Hedda's second husband was Saul Steinberg, the artist probably best known today for his New Yorker magazine covers. Below is a page spread published August 27, 1951 (titled "Self Portrait With Wife") from Life magazine with Steinberg's work on the left and Hedda's on the right. (Note that the famous Irascibles photo was published in Life earlier that same year in January 1951.)

In the Uninterrupted Flux catalog, the exhibition curator, Sarah Eckhardt, divides Hedda's work into 11 categories in order to bring some order to the "consistent inconsistency" that Hedda practiced. Two of Hedda's continuing interests were machines and motion, and she visualized machines as having human characteristics that made them become "anthropographs." She thought that machines were designed as self portraits of their creators and displayed "their needs and insatiable desire for consumption."

Two notable results of Hedda's interest in machines and motion were, first, an exhibition at Betty Parsons' gallery in 1954 where tondo (round) paintings were mounted on central axes and viewers were invited to rotate the canvases as they wished. Secondly, also in 1954, Hedda was included in "Seven Painters and a Machine," where the seven were commissioned by Fortune magazine to produce their responses to a machine called the "Continuous Miner." Hedda's painting was chosen a year later for the cover of World At Work: 25 Years of Art for Fortune. In the early 1960s, Fortune arranged for Hedda to tour several John Deere factories, which provided the impetus for a series of paintings that portrayed tractors. The CEO of John Deere purchased the entire series for the company.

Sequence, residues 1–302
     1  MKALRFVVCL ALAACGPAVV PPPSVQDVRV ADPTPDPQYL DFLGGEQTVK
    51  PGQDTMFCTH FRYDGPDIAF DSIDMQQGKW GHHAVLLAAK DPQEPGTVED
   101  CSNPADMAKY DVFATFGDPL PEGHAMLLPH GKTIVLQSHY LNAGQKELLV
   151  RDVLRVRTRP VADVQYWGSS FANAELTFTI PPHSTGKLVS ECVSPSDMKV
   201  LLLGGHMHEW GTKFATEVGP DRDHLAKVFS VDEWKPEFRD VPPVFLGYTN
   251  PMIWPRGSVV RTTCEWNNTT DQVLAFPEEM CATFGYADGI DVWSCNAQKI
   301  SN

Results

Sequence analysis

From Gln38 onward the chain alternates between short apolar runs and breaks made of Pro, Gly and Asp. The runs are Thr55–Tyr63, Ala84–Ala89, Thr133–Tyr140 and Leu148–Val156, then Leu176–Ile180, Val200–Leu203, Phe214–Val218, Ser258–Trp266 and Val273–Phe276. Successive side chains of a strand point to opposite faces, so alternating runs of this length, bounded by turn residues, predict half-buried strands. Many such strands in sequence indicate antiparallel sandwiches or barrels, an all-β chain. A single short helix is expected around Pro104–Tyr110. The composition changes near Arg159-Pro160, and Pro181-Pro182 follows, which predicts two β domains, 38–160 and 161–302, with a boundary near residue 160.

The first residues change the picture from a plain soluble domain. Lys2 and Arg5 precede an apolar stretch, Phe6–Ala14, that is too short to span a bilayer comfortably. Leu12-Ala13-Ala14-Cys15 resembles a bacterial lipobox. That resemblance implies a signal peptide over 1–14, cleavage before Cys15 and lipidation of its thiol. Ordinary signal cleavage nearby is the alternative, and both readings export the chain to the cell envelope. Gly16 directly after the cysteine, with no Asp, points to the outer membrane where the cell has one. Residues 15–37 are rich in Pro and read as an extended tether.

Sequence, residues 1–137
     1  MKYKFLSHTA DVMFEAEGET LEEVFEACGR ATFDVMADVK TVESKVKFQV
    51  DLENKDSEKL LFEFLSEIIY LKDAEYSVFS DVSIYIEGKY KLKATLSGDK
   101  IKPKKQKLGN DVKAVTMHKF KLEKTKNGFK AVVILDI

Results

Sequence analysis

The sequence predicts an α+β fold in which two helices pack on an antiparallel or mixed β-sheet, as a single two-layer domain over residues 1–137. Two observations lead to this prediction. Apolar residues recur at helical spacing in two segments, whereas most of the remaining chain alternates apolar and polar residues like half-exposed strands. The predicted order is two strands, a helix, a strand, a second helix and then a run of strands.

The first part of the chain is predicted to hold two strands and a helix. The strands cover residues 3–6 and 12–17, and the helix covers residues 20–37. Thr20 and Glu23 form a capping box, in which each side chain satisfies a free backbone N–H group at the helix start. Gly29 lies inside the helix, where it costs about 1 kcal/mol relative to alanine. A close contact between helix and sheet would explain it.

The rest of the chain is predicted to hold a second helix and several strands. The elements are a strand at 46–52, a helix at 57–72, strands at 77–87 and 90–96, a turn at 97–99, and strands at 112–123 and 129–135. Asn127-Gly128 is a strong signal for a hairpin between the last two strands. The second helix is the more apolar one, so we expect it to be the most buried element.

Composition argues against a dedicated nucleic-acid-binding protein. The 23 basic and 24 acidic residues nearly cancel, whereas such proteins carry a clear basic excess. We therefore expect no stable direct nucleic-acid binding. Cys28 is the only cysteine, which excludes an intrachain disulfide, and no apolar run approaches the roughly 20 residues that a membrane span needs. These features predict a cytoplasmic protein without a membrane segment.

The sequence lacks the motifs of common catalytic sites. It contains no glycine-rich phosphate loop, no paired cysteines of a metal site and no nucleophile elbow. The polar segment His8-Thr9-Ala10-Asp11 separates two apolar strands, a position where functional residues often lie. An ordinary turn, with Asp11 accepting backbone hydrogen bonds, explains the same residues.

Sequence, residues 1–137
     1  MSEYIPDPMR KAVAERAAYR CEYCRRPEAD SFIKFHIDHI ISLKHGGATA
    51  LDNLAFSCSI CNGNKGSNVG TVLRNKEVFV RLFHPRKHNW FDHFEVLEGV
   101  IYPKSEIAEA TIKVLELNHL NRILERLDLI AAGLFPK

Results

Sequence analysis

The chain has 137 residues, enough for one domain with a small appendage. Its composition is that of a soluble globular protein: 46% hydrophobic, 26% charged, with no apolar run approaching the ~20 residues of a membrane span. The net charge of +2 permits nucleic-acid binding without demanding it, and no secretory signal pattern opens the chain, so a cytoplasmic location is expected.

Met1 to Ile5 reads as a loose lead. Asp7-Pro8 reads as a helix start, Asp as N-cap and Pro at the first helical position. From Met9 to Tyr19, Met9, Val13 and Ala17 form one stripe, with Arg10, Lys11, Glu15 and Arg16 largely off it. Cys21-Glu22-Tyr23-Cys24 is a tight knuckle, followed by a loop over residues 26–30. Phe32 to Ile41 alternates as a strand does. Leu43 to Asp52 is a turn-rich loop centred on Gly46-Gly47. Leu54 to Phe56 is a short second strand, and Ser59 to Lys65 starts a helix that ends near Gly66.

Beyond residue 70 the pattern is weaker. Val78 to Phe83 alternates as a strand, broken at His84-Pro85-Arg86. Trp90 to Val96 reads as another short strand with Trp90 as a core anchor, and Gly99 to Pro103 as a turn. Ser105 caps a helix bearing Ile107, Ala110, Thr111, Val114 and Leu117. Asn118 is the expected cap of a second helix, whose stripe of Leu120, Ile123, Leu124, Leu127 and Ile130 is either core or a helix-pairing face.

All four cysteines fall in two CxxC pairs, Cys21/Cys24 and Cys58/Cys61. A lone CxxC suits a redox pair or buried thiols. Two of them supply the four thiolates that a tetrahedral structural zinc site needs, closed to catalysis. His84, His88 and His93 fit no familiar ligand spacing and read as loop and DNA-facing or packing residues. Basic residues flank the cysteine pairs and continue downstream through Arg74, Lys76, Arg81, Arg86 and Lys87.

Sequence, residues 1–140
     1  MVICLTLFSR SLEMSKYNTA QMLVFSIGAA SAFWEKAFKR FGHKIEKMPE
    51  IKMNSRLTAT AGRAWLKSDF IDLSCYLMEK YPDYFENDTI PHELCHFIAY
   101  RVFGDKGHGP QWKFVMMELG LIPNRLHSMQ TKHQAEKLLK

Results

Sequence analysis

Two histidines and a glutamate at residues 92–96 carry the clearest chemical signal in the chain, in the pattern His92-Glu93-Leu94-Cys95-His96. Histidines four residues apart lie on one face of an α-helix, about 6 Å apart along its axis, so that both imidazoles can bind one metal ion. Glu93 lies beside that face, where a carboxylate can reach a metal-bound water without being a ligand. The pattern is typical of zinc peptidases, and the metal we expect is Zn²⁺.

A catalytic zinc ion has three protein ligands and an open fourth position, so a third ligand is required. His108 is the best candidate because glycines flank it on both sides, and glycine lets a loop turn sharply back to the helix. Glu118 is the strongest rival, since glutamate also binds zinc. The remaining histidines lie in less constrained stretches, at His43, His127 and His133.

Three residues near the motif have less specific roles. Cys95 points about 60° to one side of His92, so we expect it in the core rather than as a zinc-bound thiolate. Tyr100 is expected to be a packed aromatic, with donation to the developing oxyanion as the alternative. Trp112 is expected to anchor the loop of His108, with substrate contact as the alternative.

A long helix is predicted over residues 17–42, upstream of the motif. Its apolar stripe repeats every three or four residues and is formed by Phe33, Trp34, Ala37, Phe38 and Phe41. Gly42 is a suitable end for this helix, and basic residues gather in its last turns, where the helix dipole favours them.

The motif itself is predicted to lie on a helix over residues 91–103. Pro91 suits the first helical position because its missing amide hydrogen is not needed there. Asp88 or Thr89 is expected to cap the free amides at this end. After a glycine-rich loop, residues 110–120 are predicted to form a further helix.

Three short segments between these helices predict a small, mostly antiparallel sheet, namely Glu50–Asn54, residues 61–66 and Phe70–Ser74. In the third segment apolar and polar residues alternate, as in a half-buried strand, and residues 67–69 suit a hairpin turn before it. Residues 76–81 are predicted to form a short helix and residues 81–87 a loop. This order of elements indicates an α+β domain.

Tractor Seat, 1961, mixed media on heavy paper, 20 x 25 inches framed. Owned by John Deere, Moline, IL

In the 1980s Hedda painted large, architectural paintings such as the two in the page spread below from about 1982. She referred to these works as "Patterns of Thought" and "Architecture of the Mind."

Both untitled. The one on the left is 44 1/2 x 64 inches; the right one is 51 x 78 inches. They are oil and pastel on canvas.

Art as Diary/Diary as Art
It seems to me that the most appropriate way to view Hedda's work is in the context of her long life. "Maybe I am saying something which is a truism," she said, "but I feel that my work all along was like a diary." Her interests were wide ranging, she read continuously and quoted or paraphrased from her reading or conversations with "poets, novelists, philosophers and theologians." In 1976 she made her art a literal diary by      placing sections of unstretched canvas on the floor of her living space. She drew a grid on the canvas and then filled in one square each day with either a quote, her activities or her thoughts and the date. She alternated between all caps and cursive script so that the grid had a checkerboard look.

Diary, June-October 1976. Acrylic and ink markers on unstretched canvas, 103 x 54 inches.

Closeup of Diary, showing variance in handwritiing that made a checkerboard effect.

Last Drawings
In later years, Hedda suffered declines in her health that included macular degeneration. She had to stop painting in 1998 but was able to continue drawing aided by a magnifying glass and motivated by her unswerving determination and devotion to creating art. She drew hundreds of small-scale drawings in pencil, pastel and sometimes thinned Wite-Out. The drawings are untitled but dated with the date of completion.

Left: June 25, 1999, pencil and pastel on paper, 12 1/4 x 9 1/8 inches. Right: August 24, 2000, pencil and pastel on paper, 12 1/4 x 9 1/8 inches.

Untitled, May 30, 2004, pencil and pastel on paper, 12 1/4 x 9 1/8 inches.